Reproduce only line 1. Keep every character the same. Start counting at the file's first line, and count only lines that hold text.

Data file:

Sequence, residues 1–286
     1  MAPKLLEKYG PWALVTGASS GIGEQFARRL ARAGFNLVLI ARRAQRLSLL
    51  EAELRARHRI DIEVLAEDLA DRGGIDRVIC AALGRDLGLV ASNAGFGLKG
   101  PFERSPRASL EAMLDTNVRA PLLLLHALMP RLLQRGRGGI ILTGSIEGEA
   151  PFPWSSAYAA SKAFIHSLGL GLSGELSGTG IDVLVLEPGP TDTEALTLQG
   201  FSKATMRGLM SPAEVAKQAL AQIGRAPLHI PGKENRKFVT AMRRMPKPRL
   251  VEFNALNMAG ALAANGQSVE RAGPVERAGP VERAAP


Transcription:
Sequence, residues 1–286